Definitions of “Child o f the Marriage”; Adult Children; Obligation of De Facto Parent
unwilling ness to do so appears to be irrelevant to the statutor y definition. A child under
the provincial age of majority may cease to be elig ible for child support as a “child of the
marriage” within t he mean ing of section () of the Divorce Act, if the child has been l iving
with her twenty-year-old boyfriend for seventeen months, has no intention of returning to
the home of either parent, and is no longer dependent on her parents for financial support.
Children under the provincia l age of majority who a re financially dependent while they
continue with their schooling satisf y the definition of “chi ldren of the marriage” under sec-
tion () of the Divorce Act even though they a re alienated from the non-custodial pa rent
who is called upon to pay child support. A divorcing or d ivorced spous e may be ordered to
pay support in respect of an adult child who is unable to achieve sel f-sufficiency by reason
of “illness, d isability, or other cause.” e mere fact that an adult child lacks the ability to
withdraw from parental charge or to obtai n the necessaries of life is not determinative of the
child’s eligibilit y for support; the inability must be shown on the evidence to have arisen or
to continue by reason of an illness, di sability, or other cause recognized by the Divorce Act.
e pursuit of post-secondary education constitutes “other cause” under the definition
of “child of the marriage” in section () of the Divorce Act but each case is fact specific. In
determining whether the pursu it of education is a valid reason for continued dependence, a
court must consider two complex and value-laden questions. e first is whether, considering
all of the child ’s circumstances, the child’s educational pursuits a re reasonable. If so, the court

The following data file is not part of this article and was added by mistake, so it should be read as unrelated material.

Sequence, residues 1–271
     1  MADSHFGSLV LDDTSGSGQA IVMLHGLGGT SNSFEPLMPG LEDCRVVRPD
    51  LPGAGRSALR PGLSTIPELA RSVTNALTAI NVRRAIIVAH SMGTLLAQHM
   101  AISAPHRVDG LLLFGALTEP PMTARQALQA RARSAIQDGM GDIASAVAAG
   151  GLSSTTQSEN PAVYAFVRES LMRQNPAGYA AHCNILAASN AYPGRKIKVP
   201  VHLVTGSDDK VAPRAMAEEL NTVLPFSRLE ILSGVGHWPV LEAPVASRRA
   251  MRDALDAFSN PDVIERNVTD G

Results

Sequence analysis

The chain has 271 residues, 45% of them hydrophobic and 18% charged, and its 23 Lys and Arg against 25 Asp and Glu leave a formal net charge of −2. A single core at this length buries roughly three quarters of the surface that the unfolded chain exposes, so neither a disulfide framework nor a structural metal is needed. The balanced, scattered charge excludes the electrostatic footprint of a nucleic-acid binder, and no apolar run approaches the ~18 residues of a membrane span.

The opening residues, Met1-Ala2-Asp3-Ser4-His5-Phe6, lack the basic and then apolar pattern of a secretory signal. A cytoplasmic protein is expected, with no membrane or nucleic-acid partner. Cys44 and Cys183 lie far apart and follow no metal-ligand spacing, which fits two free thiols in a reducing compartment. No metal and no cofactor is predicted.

must next consider whether it is appropriate that the pursuits be financed by the pa rents.
An adult child who is enrolled as a f ull-time student in high school may be found to
be a “child of the marriage” within t he meaning of section () of the Divorce Act, notwith-
standing a “spotty” academic record and prior poor attendance record, where the chi ld is
currently maintai ning a passing average.
A divorcing or divorced spouse can be ordered to pay child support, even though he or she
is not the biological parent of the child, if he or she has acted as a pa rent towa rds the child.
A court may direct the tr ial of an issue as to whether a child falls w ithin the definition of
a “child of the marriage” where existing a ffidavit material is insufficient to resolve the issue.
Boisvert v Bo isvert,  AJ No (QB); Longhurst v Longhurst,  BCJ No (SC); ompson v
Ducharme,  MJ No (CA); HS v PW, NLSC ; omas v omas, NSSC ; Wo uter s v
Wout ers , NWTSC ; Frim v Bra sseur,  OJ No (SCJ); Gar inger v ompson,  SJ No
(QB); compare Wigmore v Wigmore,  PEIJ No (TD); Ladissa v Ladissa,  OJ No (CA). Se e
also SAF v R AM, SKQB (application under e Family Maintenance Act , , SS , c F-.).
Chaulk v Avery, NLTD ; Wou ter s v Wout ers, N WTSC .
Marsh v Marsh,  BCJ No (CA); Prittie v Do rey, BCSC .
Divorce Act, s () (definition of “child of the marriage”); Rebenchuk v Rebenchuk, MBCA ; Sher-
low v Zubko,  AJ No (QB). See also Dumont v Dumont, BCSC (application under the
BC Family Law Act, SBC , c ). And see Rose Branton, “ Exploring Child Suppor t for Adult Children:
e Need for a Broader Conception of ‘Ot her Cause’” () Canadian Family Law Quarterly .
Ethier v Skrudl and, SKCA ; Blanchard v Blanchard, ABCA .
Montalto v Montalto, ABQB ; Lu v Yao, BCSC ; Rebenchuk v Rebenchuk, M BCA ;
Delichte v Rogers, MBQB ; DWM v MAB, NBQB ; Hawco v Myers,  NJ No (CA);
MacLennan v MacLennan,  NSJ No (CA); Eas ton v Coxhead, ONSC ; Cusack v Cusa ck,
 PEIJ No (SC); Geran v Geran, SKCA ; see Section E , below in this chapter.
Bobyn v Bobyn, BCSC at para , Donegan J, citing Nordeen v Nordee n, BCCA ; Lu v
Yao, BCSC .
PGB v JLT,  AJ No (QB).
See Section J, below in t his chapter.
Laroque v Misling,  NWTJ No (SC); Akert v Akert,  SJ No (QB).